# Geophysics

- © 2005 Society of Exploration Geophysicists. All rights reserved.

## Abstract

This paper presents a new methodology for computing a time-frequency map for nonstationary signals using the continuous-wavelet transform (CWT). The conventional method of producing a time-frequency map using the short time Fourier transform (STFT) limits time-frequency resolution by a predefined window length. In contrast, the CWT method does not require preselecting a window length and does not have a fixed time-frequency resolution over the time-frequency space. CWT uses dilation and translation of a wavelet to produce a time-scale map. A single scale encompasses a frequency band and is inversely proportional to the time support of the dilated wavelet.

Previous workers have converted a time-scale map into a time-frequency map by taking the center frequencies of each scale. We transform the time-scale map by taking the Fourier transform of the inverse CWT to produce a time-frequency map. Thus, a time-scale map is converted into a time-frequency map in which the amplitudes of individual frequencies rather than frequency bands are represented. We refer to such a map as the time-frequency CWT (TFCWT).

We validate our approach with a nonstationary synthetic example and compare the results with the STFT and a typical CWT spectrum. Two field examples illustrate that the TFCWT potentially can be used to detect frequency shadows caused by hydrocarbons and to identify subtle stratigraphic features for reservoir characterization.

## INTRODUCTION

Seismic data, being nonstationary in nature, have varying frequency content in time. Time-frequency decomposition (also called spectral decomposition) of a seismic signal aims to characterize the time-dependent frequency response of subsurface rocks and reservoirs. Castagna et al. (2003) use matching-pursuit decomposition for instantaneous spectral analysis to detect low-frequency shadows beneath hydrocarbon reservoirs. A case history of using spectral decomposition and coherency to interpret incised valleys is shown by Peyton et al. (1998). Partyka et al. (1999) use windowed spectral analysis to produce discrete-frequency energy cubes for applications in reservoir characterization. Hardy et al. (2003) show that an average frequency attribute produced from sine curve-fitting strongly correlates with shale volume in a particular area.

Since time-frequency mapping is a nonunique process, various methods exist for time-frequency analysis of nonstationary signals. Jones and Baraniuk (1995) describe a data-adaptive method. The widely used short-time Fourier transform (STFT) method produces a time-frequency spectrum by taking the Fourier transform over a chosen time window (Cohen, 1995). In STFT, time-frequency resolution is fixed over the entire time-frequency space by preselecting a window length. Therefore, resolution in seismic data analysis becomes dependent on a user-specified window length.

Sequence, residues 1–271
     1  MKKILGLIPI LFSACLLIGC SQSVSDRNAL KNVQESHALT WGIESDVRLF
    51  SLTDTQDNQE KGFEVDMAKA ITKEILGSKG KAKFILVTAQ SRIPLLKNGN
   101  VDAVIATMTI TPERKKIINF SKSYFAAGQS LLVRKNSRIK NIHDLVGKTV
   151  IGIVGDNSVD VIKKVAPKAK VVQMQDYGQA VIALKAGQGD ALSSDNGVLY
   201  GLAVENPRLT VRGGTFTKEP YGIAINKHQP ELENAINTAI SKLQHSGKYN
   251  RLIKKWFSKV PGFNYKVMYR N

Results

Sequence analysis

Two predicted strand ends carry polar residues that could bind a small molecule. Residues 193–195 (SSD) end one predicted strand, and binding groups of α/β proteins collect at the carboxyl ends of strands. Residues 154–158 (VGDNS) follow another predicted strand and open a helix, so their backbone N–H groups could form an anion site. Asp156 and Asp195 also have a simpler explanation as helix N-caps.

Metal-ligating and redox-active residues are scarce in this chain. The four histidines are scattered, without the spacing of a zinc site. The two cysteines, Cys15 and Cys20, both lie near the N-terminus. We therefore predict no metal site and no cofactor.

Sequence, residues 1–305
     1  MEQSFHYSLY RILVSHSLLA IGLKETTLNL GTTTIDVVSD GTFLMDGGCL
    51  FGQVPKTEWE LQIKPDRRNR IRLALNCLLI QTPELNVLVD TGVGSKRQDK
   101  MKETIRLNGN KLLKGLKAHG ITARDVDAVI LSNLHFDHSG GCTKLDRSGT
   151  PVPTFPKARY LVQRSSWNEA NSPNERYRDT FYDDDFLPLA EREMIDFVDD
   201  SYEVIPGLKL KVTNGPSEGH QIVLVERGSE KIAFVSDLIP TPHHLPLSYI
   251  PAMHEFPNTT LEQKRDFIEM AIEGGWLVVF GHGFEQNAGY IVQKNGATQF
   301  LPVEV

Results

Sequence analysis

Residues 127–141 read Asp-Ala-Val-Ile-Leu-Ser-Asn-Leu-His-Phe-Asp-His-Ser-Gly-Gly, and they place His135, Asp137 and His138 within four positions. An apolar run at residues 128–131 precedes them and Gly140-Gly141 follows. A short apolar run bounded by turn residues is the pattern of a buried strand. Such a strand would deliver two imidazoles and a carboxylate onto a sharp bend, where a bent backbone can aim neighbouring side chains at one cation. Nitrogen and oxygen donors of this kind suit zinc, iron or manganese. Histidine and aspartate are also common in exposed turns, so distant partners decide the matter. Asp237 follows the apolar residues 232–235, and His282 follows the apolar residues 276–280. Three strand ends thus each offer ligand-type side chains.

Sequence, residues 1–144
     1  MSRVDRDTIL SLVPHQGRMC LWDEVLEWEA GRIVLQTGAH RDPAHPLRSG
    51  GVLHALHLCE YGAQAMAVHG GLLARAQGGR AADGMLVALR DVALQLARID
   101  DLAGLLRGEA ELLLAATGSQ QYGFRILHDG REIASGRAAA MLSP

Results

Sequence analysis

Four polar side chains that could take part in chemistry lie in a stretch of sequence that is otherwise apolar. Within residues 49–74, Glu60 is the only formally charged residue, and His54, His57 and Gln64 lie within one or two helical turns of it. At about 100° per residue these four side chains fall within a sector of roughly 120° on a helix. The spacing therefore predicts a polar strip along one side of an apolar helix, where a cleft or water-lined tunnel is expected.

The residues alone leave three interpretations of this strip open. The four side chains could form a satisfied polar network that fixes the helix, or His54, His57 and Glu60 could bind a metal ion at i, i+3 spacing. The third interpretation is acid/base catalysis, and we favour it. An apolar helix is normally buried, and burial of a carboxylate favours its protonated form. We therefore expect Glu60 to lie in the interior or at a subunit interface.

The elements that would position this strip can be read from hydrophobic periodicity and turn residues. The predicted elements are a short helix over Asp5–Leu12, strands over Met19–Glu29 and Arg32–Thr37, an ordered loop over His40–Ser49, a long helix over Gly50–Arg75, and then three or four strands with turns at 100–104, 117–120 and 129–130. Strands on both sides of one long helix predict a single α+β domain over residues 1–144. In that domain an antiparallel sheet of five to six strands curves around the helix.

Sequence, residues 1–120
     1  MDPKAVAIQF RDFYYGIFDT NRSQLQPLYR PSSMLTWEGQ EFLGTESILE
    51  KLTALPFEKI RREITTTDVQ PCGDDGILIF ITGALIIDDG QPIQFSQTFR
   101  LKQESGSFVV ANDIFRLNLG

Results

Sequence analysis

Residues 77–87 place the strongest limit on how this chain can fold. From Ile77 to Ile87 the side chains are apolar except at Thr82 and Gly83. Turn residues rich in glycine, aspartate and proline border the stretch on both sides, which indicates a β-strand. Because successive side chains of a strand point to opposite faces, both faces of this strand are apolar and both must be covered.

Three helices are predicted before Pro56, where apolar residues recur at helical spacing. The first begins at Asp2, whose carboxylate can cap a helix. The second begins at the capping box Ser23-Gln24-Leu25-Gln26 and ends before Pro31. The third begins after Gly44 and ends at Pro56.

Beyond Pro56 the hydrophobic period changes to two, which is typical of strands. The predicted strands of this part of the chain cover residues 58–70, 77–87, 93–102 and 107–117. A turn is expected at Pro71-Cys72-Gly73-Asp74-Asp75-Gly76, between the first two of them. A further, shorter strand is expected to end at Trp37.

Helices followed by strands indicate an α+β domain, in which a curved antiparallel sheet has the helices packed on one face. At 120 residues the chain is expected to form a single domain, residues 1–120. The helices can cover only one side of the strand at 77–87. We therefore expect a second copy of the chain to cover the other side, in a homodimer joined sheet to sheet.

Over the past two decades, the wavelet transform has been applied in many branches of science and engineering. The continuous-wavelet transform (CWT) provides a different approach to time-frequency analysis. Instead of producing a time-frequency spectrum, it produces a time-scale map called a scalogram (Rioul and Vetterli, 1991). Since scale represents a frequency band, it is not intuitive if we wish to interpret the frequency content of the signal. Some workers (Hlawatsch and Boudreaux-Bartels, 1992; Abry et al., 1993) take scale to be inversely proportional to the center frequency of the wavelet and represented the scalogram as a time-frequency map.

This paper provides a novel approach for mapping the time-scale map into a time-frequency map. Time-frequency CWT (TFCWT; Sinha, 2002) analysis provides high-frequency resolution at low frequencies and high time resolution at high frequencies. This optimal time-frequency resolution property of the TFCWT makes it useful in seismic data analysis.

Computing the TFCWT in the Fourier domain is a fast process. Furthermore, TFCWT is an invertible process such that the inverse Fourier transform of the time summation of the TFCWT reconstructs the original signal, provided the inverse wavelet transform exists. For our purposes we require only the forward transform; reproducibility is not a strict requirement.